Science for Societal Progress - podcast
In the podcast we talk about topics related to science, humanities, society, and of course progress!
because science is fundamental in the 21st century
Bart and I invited three scientists from both sides of the canal to talk about Brexit and how it impacts scientists and the scientific endeavor. Our guests are Andrew Phillipides (British citizen, and professor at Sussex University, UK), Thomas Nowotny (German citizen, and professor at Sussex University, UK), and Clare Hancock (British citizen, and PhD student at Göttingen University, Germany).
Arnold Schwarzenegger famously (and half-jokingly) proclaimed that if you need more than 6 hours of sleep, you should sleep faster. Many successful people claim to sleep very little and use the extra time to be productive.
But is this sound advise? I talked with Dr. Lars Dittrich, neuroscientist and former sleep researcher, about sleep.
Lars answer questions like What does sleep do? How is it regulated? What are the side-effects of acute and chronic sleep deprivation? How do I know if I sleep enough? How could sleep research inform policies and business practices?(more…)
In this episode we talk about our experience with peer review and the importance of kindness and the advantages and disadvantages of the authors knowing the identity of peer reviewers. And in the second part we talk about how twitter can be a great place for science and scientists!(more…)
Who gets positions and funding in academia should depend on the merit of the researcher, project, or institute. But how do we assess these merits fairly, meaningfully and in a way that makes it comparable?
I talked about metrics with Steffen Lemke, PhD student at the Leibniz Information Centre for Economics (ZBW), in Kiel, Germany. He is part of the *metrics project, which investigates new research metrics and their applicability. The project is funded by the German Researcher Association, DFG.(more…)
This episode of Bart and Dennis Talk is actually our first anniversary episode! While Science for Progress was founded in July 2017, the podcast went online on February 20th 2018!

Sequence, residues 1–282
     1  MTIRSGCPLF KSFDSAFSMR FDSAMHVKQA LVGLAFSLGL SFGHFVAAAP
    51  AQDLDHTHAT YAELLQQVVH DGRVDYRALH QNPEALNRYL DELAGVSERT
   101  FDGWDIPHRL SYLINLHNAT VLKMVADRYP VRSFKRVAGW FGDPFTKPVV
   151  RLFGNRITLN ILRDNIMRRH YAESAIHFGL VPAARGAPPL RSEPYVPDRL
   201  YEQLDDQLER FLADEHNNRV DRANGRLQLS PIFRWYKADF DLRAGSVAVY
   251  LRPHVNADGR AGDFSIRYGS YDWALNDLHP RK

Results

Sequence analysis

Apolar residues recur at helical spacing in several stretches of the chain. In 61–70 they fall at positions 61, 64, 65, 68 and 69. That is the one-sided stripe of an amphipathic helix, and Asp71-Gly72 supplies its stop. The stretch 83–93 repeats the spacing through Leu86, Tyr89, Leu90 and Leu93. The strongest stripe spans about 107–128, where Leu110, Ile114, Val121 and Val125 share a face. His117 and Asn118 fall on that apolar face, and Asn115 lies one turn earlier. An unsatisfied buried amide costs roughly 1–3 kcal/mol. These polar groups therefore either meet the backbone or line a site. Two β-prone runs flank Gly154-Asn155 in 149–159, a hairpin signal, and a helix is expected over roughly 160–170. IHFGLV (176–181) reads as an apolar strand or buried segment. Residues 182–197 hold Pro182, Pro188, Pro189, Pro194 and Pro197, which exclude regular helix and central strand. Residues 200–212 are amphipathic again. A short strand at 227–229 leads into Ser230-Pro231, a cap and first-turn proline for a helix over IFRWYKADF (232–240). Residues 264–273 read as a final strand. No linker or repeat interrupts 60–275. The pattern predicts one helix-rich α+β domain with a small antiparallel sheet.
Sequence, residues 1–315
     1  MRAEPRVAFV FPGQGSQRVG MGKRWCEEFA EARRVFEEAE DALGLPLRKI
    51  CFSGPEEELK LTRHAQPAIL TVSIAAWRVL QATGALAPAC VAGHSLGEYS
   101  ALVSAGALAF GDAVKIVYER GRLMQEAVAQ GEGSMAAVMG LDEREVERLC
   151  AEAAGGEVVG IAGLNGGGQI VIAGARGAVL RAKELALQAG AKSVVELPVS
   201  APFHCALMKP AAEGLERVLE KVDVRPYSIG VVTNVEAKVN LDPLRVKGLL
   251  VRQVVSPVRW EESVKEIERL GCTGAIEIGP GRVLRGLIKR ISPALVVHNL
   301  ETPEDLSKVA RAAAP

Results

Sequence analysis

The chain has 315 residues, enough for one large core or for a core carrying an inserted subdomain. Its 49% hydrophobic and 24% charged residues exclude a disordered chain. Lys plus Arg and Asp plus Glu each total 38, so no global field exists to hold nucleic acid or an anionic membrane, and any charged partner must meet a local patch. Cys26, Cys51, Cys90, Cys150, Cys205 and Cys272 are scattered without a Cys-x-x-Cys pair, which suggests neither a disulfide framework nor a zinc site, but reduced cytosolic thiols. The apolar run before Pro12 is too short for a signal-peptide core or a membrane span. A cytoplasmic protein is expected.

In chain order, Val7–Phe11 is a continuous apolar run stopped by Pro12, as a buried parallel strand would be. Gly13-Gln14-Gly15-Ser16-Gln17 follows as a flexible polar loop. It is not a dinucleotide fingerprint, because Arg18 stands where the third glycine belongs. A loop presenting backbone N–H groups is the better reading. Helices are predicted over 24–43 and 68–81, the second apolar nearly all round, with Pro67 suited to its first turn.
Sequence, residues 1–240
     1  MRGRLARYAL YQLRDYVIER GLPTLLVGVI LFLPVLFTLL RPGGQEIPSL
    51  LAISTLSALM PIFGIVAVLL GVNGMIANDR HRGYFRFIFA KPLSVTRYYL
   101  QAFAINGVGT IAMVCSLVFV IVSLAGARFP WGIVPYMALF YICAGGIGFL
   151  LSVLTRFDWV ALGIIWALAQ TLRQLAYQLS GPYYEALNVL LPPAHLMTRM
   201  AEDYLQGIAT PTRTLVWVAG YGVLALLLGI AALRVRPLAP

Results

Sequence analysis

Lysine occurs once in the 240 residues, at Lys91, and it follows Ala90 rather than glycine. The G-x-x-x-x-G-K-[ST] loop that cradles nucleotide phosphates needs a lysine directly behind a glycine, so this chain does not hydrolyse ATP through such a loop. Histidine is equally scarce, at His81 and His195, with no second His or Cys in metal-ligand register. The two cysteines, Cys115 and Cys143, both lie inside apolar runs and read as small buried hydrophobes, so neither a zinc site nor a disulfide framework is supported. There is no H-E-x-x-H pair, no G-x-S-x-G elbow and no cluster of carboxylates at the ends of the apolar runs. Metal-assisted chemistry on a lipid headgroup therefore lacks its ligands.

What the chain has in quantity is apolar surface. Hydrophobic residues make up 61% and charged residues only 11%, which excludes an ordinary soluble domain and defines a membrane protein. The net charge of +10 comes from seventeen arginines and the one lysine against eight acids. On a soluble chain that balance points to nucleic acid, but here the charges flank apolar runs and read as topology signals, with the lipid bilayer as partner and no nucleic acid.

At the beginning of the episode I announce that I will be on the Twitter “rotating curation account” @RecovingAcad, which belongs to the Recovering Academic Podcast. We had a crossover episode with them, last November. I will be tweeting about leaving academia and transitioning into industry from February 25th to March 2nd.
On March 3rd I will do a live video AMA on the account @theaddictivebrain on Instagram. Addictive Brain is a science communication project that was initiated by Chinmaya Sadangi, who was curator on our twitter rotating curation account @sfprocur. My AMA on Instagram starts at 3 p.m. UTC and will take about an hour.
The stereotype of academics is that they live a well protected life in the ivory tower. But this is not the case for most of them. Maria Pinto from Portugal is a PhD student in marine microbiology in Austria. With the final stages of her work approaching, Maria is beginning to think about the future.
We talk about the many uncertainties in academia, particularly for early career researchers. In general the salaries are not good, but in poorer countries, where the salaries are particularly low and may not even include social security, there is also an expectation of students to pay field work trips themselves. In general, traveling in order to present your work at conferences is important to researchers and their careers, but for many, this is not affordable.(more…)
In the light of the latest animal use numbers in Germany (2017), Bart and I are having a conversation about animal use in fundamental research. We then move on to talk about a new statistical method that might help researchers get some of their data out of their drawers and into an article!
Science Communication is one way academics can apply themselves outside of academia. But how does one transition between careers? I talked with Dr. Deboki Chakravarti, a biomedical engineer who worked on cancer treatments. She graduated in 2018 and then did an internship with Scientific American, a leading brand in Science Communication in the USA.
First we learn a little bit about her scientific work, and her personal experiences in graduate school. Already during graduate school she began a YouTube channel about books and life as a graduate student. She then shares why she decided to leave academia, and she explains how she managed to find an internship with Scientific American. And finally, she explains what the internship looks like.
At the end of November 2018, Chinese scientist He Jiankui announced that he had genetically modified human embryos which were then brought to term. The resulting twin sisters appear to be healthy. But this experiment was not greeted with enthusiasm by the scientific community.
The critique attacks every aspect of the experiment: the treatment’s medical necessity, the reasoning behind the treatment approach, the way it was conducted, the ethical implications, and it also wasn’t legal.(more…)
I talked with Dr. Nuno Henrique Franco about animal welfare in scientific research. The questions we address are